How to explain the Eucharist to a sceptical teenager


#1

In my Studies of Religion class today, a girl aged about 16 asked me this question as we were discussing the rituals and ceremonies of different religions (the Eucharist, in this case):

"So, the bread and wine becomes the body and blood of Jesus, right?"
I said, "Yes, that's the teaching of the Church."
She said, "So, Jesus is sitting there in every church in the world, in the form of bread and wine?"
I said, "Yes. At the Mass, certainly. If there is consecrated bread in the Tabernacle, then Jesus is still there, even if the Mass is over. Some people worship the Eucharist if they know it's there."
She said, "But isn't Jesus everywhere? Why would He be turning himself into bread and wine all the time?"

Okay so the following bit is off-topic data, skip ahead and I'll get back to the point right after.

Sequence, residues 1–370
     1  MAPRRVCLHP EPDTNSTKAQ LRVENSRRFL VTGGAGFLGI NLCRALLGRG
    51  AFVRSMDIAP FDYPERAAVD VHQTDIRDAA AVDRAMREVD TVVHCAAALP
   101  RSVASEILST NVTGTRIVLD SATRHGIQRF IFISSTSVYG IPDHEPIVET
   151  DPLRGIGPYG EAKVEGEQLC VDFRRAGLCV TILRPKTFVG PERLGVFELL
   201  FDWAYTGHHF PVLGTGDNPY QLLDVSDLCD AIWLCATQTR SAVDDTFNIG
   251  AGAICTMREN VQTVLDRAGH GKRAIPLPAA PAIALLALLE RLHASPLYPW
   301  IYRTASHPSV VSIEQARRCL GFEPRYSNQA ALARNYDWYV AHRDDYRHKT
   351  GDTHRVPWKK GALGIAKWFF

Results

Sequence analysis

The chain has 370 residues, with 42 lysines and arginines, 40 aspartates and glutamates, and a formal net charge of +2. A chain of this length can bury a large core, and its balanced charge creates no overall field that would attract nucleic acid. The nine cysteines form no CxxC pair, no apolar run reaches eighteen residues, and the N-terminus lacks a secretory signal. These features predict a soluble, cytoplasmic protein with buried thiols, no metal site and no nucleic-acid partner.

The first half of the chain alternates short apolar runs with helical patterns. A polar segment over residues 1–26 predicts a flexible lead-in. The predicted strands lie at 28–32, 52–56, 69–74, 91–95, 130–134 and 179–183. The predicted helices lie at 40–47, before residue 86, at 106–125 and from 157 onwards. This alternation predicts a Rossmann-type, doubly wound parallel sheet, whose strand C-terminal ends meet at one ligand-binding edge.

Struggling now, I said, "It's Christ's way of uniting the Church. You can't get closer to Christ than eating his flesh, can you? It's a way of remembering his sacrifice and also a real, physical way of uniting with him. And you can't think of it like real flesh--we're not taking a chunk out of Jesus's leg. It's not flesh like a piece of chicken. This is a special, almost mystical flesh and blood, unlike anything in the real world. It's miraculous flesh and blood. He could have done it any other way, but this is the way He chose to be with us. Yes, he's spiritually everywhere, and you can pray to him and call on him, but this is his physical presence. You can't touch His spirit, because it's, you know, a spirit, but you can be in physical contact with Jesus. It's a special meal which he invites his followers to, just like those apostles all those years ago. We can't be at the last supper, obviously, but in the Eucharist, we kind of are. We have just the same experience that the apostles had."